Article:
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Hasty Announces Healthy On-Demand Food Delivery Service in San Francisco

Hasty Announces Healthy On-Demand Food Delivery Service in San Francisco

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Hasty deliver healthy, on-demand food

Ordering healthy food in San Francisco can now be done from your phone with Hasty’s new iPhone app that allows users to order food based on specific dietary preferences.

Working together with restaurants, Hasty filters dishes based on user preferences. Filters include gluten-free, vegetarian, paleo, low carb, and so on. The app also works to make certain there is no MSG or additional sugar added to the food as well as checking that there is minimal salt and oil. Users can also view pictures of each dish so they know exactly what to expect.

Once a user chooses what food he or she wants to eat, the option between delivery or take-out is available and payment can be made by credit or debit card.

“Eating well is a critical part of being healthy, productive, attractive, and ultimately happy,” David Langer, founder and CEO of Hasty told Fitness World. He added that he believes that creating a convenient and affordable way to eat healthy food anytime, anywhere, will change lives.

Food For Thought: Startups Seek Sweet Spot Of Meal Delivery Business

The meal delivery business is not for the faint-hearted.

It’s competitive, crowded, and consists of a variety of different models – some more successful than others. There’s been a number of casualties, and then there are a few companies that appear to be on a strong growth trajectory.

Selected Success Stories

On Thursday, New York-based meal ingredient delivery service Blue Apron filed for an initial public offering (IPO). The company brought in nearly $800 million in revenue in 2016, up from $341 million in 2015, according to TechCrunch. It also turned a profit in last year’s early quarters although it didn’t post a profit for the year as a whole.

(Blue Apron did not respond to our requests for an interview this week, likely due to the quiet period related to its IPO plans. Investor Bessemer Ventures declined to comment.)

Another rising star in the space is San Francisco-based Sun Basket. The organic meal kit delivery startup has seen impressive growth since it was founded in April of 2014. Today it employs about 1200 people and saw 1300 percent year-over-year revenue growth in 2016, CEO and co-founder Adam Zbar told Crunchbase News on Thursday. It raised $24.2 million over two tranches in a Series C round this spring and has brought in a total of $55.3 million in venture funding.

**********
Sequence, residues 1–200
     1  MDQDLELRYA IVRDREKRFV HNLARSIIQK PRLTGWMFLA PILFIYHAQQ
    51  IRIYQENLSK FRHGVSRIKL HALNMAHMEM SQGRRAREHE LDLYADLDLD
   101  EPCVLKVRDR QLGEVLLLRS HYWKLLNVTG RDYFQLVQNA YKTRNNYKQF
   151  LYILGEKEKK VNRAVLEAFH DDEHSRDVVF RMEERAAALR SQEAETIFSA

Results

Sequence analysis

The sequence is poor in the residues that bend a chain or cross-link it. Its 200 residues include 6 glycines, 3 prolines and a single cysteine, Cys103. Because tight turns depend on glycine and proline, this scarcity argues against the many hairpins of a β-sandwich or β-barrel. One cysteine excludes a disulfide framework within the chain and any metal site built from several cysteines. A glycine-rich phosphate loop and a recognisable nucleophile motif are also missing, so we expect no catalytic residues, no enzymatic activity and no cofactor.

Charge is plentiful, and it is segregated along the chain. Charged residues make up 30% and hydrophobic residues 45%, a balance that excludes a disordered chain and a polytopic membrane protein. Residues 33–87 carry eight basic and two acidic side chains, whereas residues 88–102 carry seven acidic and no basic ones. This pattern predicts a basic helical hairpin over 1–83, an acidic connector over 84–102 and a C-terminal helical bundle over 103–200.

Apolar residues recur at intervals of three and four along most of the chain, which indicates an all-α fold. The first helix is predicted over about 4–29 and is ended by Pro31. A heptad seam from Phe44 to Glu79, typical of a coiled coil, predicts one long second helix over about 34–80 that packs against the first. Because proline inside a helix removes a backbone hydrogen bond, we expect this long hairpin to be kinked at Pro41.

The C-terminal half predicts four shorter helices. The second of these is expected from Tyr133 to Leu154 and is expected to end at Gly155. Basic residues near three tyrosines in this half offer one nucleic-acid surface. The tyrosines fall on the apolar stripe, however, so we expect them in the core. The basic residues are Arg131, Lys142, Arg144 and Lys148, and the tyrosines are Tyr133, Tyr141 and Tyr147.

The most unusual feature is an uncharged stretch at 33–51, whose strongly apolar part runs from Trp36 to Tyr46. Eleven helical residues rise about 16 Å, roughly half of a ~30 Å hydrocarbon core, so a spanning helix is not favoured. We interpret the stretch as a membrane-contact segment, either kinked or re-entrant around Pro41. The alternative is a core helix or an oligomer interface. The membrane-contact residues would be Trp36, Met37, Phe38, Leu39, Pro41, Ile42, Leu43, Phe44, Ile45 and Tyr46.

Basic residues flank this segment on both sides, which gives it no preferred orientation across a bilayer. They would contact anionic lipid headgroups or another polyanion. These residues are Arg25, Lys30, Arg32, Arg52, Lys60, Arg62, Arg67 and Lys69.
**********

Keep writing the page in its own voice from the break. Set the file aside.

And then there’s Austin-based Snap Kitchen, which has the distinction of operating prepared healthy prepared meal storefronts as well as a delivery service in five markets. In July 2015, investors brought in David Kirchhoff, former CEO of Weight Watchers to run the company.

Snap Kitchen has about 800 employees, inclusive of part-time workers, and is seeing double-digit growth rates, Kirchhoff told Crunchbase News this week. It has raised just over $50 million since inception, according to the executive.

But not all companies delivering prepared meals have fared as well as this trio.

Keepin’ It Fresh Doesn’t Mean Success

In March 2016, on-demand pre-made delivery service provider SpoonRocket said it was shutting down after it was unable to raise enough money to keep operating. At the time the Berkeley, Calif.-based startup said it was planning to transition customers to competitor Sprig.

Last week, San Francisco-based Sprig announced it too was closing down. Prepared food delivery startup Maple also announced earlier this month it was ceasing operations in its home base of New York.

Meanwhile, San Francisco-based prepared food delivery service Munchery has had its share of negative headlines. In January, it slashed 30 percent of its staff ­ – just months after its founders left the company amid rumors that it rapidly burns money. Munchery has also been criticized for wasting food, which reportedly was a drag on its profit.

So what differentiates the successful from the not-so-successful in the food delivery sector?

The Ability To Deliver Is Not Enough To Succeed

According to Snap Kitchen’s Kirchhoff, having a brick and mortar concept before adding a delivery component to the business was essential to the success of his company.

“We got really good at making food before we built our own dedicated app and website with e-commerce functionality,” he said. “The combination of digital and retail together is really powerful, and practically no one is doing that (in this space). Either of those things in isolation is tough.”

During his 14 years at Weight Watchers, Kirchhoff said he was looking for a healthy food concept that was different from what else was out there.

“I’d never seen anything like it until I was introduced to Snap Kitchen by its investors,” Kirchhoff explained. “I was kind of floored and jumped at the opportunity to join the team.”

Kirchhoff believes the companies that have failed in the prepared food delivery space did so largely because they were tech companies that got into the food business.

“They had to do crazy discounting and promotion and lots of advertising to get customers because they had no brand presence in the form of stores,” he said. “So they had high customer acquisition costs. I don’t think they fully appreciated how hard the food side of the business is and found that it was almost impossible for them to make money.”